I have started this series on general visa enquiries to discuss the common challenges the average Nigerian faces when making visa applications in Nigeria and the steps for a successful visa application. My contribution is based on my personal experiences and that of people close to me and some information I will be sharing on this platform, I ignorantly paid a lot of money to obtain them. I also invite you to share your experience to help others.
Many visa applications are rejected not necessarily because of the suitability of the applicants, but sometimes because of simple errors in the application itself or its presentation. You may have genuine intentions and still be denied a visa to your desired destination. As an unmarried lady with a Nigerian passport, I have experienced my own fair share of denial.
Over the years, I had to build my travel records in order to earn the so called ‘eligibility’ status to be granted a visa to some countries. This came at a cost to me.
I patiently developed my travel history from countries with less strict policies to the countries with the stricter policies.
I have identified common mistakes we make and my opinion on the possible solutions to them. You can share yours here to help someone out there. My focus will be on non-immigrant visa category.
I cannot stress enough the importance of making a good first impression. This goes beyond physical appearance. Just like a curriculum vitae, the first impression the interviewer has of you is what you put on paper, so you should focus on your strengths. Do not leave room for doubt. You need to realize that the interviewer is not your friend and will look for reasons to reject your application.
If your application is made to a country where a physical interview is not required, then you owe it to yourself to attach as many documents as you think can support your application. I remember my first visa application to the UK, I even attached photocopies of my tenancy agreement with my landlord, receipts of advance payment of rent and my car purchase receipt just to prove to them that I had a home and life to return to. I went for an over-kill. Lol
It is important to show that you have enough ties to bring you back home. Ties here refer to a job, family, business etc.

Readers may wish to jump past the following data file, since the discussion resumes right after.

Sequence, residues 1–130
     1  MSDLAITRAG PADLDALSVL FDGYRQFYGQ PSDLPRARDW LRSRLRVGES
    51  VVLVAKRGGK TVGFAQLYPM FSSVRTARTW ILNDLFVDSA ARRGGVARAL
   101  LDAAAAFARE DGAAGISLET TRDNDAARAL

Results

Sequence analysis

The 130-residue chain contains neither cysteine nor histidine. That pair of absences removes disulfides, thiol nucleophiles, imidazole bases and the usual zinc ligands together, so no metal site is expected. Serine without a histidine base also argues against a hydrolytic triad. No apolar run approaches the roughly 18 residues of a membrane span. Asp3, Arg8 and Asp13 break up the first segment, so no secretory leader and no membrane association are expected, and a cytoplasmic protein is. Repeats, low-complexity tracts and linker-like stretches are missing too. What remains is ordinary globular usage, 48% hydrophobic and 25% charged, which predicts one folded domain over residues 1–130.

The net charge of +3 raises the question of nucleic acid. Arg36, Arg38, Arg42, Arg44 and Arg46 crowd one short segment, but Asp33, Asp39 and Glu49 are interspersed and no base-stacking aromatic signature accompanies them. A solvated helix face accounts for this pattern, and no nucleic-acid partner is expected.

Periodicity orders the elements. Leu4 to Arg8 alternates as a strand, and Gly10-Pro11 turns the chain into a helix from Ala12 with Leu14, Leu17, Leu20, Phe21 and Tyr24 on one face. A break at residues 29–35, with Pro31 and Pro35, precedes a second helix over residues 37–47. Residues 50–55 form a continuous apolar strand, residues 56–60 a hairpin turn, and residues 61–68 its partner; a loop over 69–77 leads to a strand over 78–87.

An important aspect of your visa application is proving to the interviewer that you will not need any public funds during your stay in the proposed destination. They must be convinced that based on your income, you can afford to pay for your trip and still have enough to survive on.
A lot of visa applications are rejected because of this single reason. Common mistakes people make is to arrange to have huge funds deposited to ‘inactive’ accounts prior to their visa application without any explanation on the origin of the funds. This definitely would raise doubt as the interviewer may not be convinced that such funds are available to you.
The trick is to develop your financial records for a period not less than 6 months to reflect constant inflow and outflow of funds. If you have a salary account, then this is 50% solved. If you make additional income from other businesses, then you should allow these payments reflect in the statement of account you tender to support your application.
And NO, you do not need millions in your account to qualify, you just need to establish that you earn a regular income and you can afford to finance your trip. I know of someone who was granted a visa with only N10,000 (Ten thousand naira) in her account. As a business woman and a frequent traveler, her financial records showed enough activities to convince the interviewer that she was able to pay for her trip and therefore was not considered a ‘risk’.
Your application may require that you provide an estimate of the cost of your proposed trip, including tickets, accommodation and feeding. For the avoidance of doubt, you should be able to show that you have these funds available and have held same in your bank account for a specified period.
Tell the truth:
Okay… you may say “I told the truth before and I was still denied a visa”. Well, remember these people are psychologist and are trained to decode your game. It is always better to err on the side of caution. Some countries can ban you from making visa applications for a period up to 10 years if discovered that you perjured yourself. The thing about lying is that you must be consistent with the lie, but the truth… The truth has one version so my advice is, BE HONEST!
I talked about magnifying your strengths and eliminating your weaknesses; you should try that instead.
Avoid talking too much and giving unnecessary information.
Appear confident but not arrogant. Instead of lying, examine your weak points and prepare a suitable response to them. I always rehearse for my interview days before my scheduled appointment. I create my questions and quiz myself.
Avoid cramming as nervousness may cause you to forget your lines… Lol.
I talked about this in my post ‘The Solo Traveler’, if you missed it, read it here. You should be able to convince your interviewer that you have an itinerary and you have acquired adequate information about the country you intend to visit. Imagine attending an interview in a company without acquiring information on the business of the company or checking out their website. You have to show that you want it.
To find out how to obtain a Schengen Visa read here.